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Compliance in the cloud
Vasyl Nair, Chief Risk Officer, Mine Super; and Louis Leung, Executive General Manager Group Risk and Compliance, Mine Super
You’ve secured funding and support to launch your new cloud-based strategy with a business case, vendor short list and project plan all finalised. Well, how about understanding your compliance obligations?
Whilst moving to the cloud has become an increasingly popular business strategy, securing compliance in the cloud can be significantly more difficult. The task of Googling a “cloud compliance checklist” is likely to surface more questions than answers. You’ll likely spend more time filtering through sales material than finding any practical guidance on the topic.
Seek technical help
Fortunately, you’re not alone and the places to ask for help aren’t always obvious. Whilst larger organisations typically have in-house risk and legal teams, it may not be as easy for Chief Information Officers who don’t have access to dedicated internal resources. As a result, you may need to carefully consider the cost-benefit of hiring or appointing external technology risk professionals or compliance specialists with prior cloud experience to help you achieve your objectives.
You may also want to consider audit firms that offer consulting services or specialised businesses such as managed security service providers. Whether you hire or outsource this capability, the key to delivering quality outcomes is by ensuring you have the right mix of capabilities to understand your compliance obligations and deliver your project.
Determine what’s important
Once you have capabilities sourced, you’ll need to identify what your compliance obligations are. This is where investing time upfront will help you mitigate the emergence of last-minute surprises that can derail a project. You might consider:
1. Internal policy obligations – surprisingly, internal policies are a great place to start. This is where the rest of your management team have already summarised key obligations across your business. You’ll find vital clues on where to go for more information on a wide range of topics such as privacy, vendor due diligence and technology security.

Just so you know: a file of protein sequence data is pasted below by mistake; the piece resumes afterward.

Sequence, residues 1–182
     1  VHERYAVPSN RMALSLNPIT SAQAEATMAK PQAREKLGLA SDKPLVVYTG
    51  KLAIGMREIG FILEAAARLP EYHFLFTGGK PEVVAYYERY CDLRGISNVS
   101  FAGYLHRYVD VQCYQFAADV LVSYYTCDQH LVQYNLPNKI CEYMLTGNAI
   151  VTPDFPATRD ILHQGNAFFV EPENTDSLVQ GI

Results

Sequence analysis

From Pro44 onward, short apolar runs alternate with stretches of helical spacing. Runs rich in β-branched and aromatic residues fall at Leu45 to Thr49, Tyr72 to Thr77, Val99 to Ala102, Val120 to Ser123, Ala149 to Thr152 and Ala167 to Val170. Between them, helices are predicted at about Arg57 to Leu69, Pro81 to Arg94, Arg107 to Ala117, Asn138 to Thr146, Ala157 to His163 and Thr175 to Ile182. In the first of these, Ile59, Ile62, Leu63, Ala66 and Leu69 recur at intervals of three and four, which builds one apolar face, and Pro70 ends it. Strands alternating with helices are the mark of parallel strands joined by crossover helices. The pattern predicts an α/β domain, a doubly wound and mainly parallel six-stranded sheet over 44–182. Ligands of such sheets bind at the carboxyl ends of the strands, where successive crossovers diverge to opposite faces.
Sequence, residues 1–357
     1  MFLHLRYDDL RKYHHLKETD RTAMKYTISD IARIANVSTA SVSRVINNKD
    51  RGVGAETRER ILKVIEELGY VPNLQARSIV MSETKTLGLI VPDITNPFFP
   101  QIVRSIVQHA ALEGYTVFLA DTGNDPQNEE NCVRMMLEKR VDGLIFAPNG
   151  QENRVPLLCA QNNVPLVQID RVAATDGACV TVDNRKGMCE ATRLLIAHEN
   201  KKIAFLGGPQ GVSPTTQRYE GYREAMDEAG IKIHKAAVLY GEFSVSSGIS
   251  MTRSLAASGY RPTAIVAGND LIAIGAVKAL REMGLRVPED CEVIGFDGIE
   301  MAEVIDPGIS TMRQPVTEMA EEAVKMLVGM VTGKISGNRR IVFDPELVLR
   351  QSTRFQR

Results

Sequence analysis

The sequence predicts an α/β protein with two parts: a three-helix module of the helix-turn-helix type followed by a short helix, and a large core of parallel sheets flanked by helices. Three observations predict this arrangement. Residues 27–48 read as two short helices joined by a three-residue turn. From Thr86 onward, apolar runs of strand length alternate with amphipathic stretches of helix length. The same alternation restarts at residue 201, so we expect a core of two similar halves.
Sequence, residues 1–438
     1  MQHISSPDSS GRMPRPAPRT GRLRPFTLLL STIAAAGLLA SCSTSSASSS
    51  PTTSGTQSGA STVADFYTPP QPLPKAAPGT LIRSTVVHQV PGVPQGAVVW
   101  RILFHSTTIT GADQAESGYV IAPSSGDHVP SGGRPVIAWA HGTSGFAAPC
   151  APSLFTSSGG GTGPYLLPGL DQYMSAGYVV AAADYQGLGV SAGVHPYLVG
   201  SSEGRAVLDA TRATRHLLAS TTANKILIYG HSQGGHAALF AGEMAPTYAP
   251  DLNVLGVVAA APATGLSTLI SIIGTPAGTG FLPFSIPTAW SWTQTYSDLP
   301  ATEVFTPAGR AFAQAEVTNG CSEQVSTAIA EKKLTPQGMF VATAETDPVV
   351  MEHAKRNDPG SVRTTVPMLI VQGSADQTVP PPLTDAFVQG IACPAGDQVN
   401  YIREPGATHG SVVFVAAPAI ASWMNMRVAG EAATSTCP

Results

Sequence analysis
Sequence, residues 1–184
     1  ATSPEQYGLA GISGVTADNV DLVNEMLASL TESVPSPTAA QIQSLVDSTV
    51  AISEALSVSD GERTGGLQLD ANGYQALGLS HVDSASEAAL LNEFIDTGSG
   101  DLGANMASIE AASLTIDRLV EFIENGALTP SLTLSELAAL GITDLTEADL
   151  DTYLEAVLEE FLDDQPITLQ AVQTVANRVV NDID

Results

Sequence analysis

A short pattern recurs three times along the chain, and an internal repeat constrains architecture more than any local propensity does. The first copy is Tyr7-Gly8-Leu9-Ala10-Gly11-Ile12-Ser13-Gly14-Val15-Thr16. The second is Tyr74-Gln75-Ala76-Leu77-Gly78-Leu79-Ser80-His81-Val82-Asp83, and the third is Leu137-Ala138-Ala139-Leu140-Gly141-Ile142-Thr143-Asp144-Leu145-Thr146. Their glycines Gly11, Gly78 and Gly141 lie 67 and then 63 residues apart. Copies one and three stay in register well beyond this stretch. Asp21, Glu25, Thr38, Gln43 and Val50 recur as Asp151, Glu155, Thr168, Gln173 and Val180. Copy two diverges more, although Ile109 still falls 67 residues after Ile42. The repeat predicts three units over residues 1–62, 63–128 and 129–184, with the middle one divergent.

2. Legislative obligations – consider the legal jurisdictions your business (and short list of cloud providers) operate in and whether any offshore obligations apply. At minimum you should be considering privacy and data retention laws in addition to any other legal domains that are relevant to your business and what’s being moved into the cloud.
3. Regulatory guidance – are there any regulators that oversee your business and do they have a documented posture in relation to cloud-based arrangements? In Australia, licensed financial services entities must meet specific requirements set out by the local regulator for outsourcing arrangements that involve the cloud.
4. Contractual obligations – depending on what is being moved into the cloud, you might also want to review existing contracts in place with suppliers and customers. This includes reviewing your cloud service provider to understand how your risks are being managed. For example, who will be liable when your cloud provider experiences a problem that impacts your service and causes a downstream contractual breach?
5. Industry standards – pay attention to any certifications or assurance your business provides to suppliers and customers. Industry standards or audit requirements (such as IT General Controls) may result in additional work required to maintain compliance.
Getting it done
Don’t be too surprised if you end up with a laundry list of compliance driven work that seems larger than the work set down in your original implementation plan. Your compliance checklist can serve as your obligations register. You can quickly identify recurring themes to group these into key risks that affect your business. For example, you’ll likely identify availability, security, vendor, data migration and strategy as key risk themes linked to work areas.
Once you have your compliance obligations grouped by risks, you should start considering what controls are required to manage these risks (which may include the risk of breaching compliance obligations) and how these are integrated into your overall implementation plan.
At this stage you should also consider the need to document any contingency plans required to address how you will handle potential breaches. For example, if you had a major data breach will your team be able to quickly map the critical path to resolution? The same logic should be applied to managing IT security incidents and general business continuity.
Ensuring you document this end-to-end process is vital as this will help you later when you need to provide evidence to your auditors on how you’ve identified your compliance obligations, your compliance risks and how these are being effectively managed as you transition to the cloud.